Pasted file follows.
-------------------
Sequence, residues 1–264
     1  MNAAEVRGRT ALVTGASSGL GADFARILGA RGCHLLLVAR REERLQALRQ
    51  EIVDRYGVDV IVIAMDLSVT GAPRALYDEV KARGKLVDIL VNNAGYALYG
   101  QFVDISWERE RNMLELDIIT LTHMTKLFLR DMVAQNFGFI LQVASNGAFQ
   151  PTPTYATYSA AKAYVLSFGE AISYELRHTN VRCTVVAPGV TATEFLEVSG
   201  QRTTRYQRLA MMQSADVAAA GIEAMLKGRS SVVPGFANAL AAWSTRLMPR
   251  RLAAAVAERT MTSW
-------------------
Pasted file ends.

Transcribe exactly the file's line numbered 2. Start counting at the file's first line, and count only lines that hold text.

     1  MNAAEVRGRT ALVTGASSGL GADFARILGA RGCHLLLVAR REERLQALRQ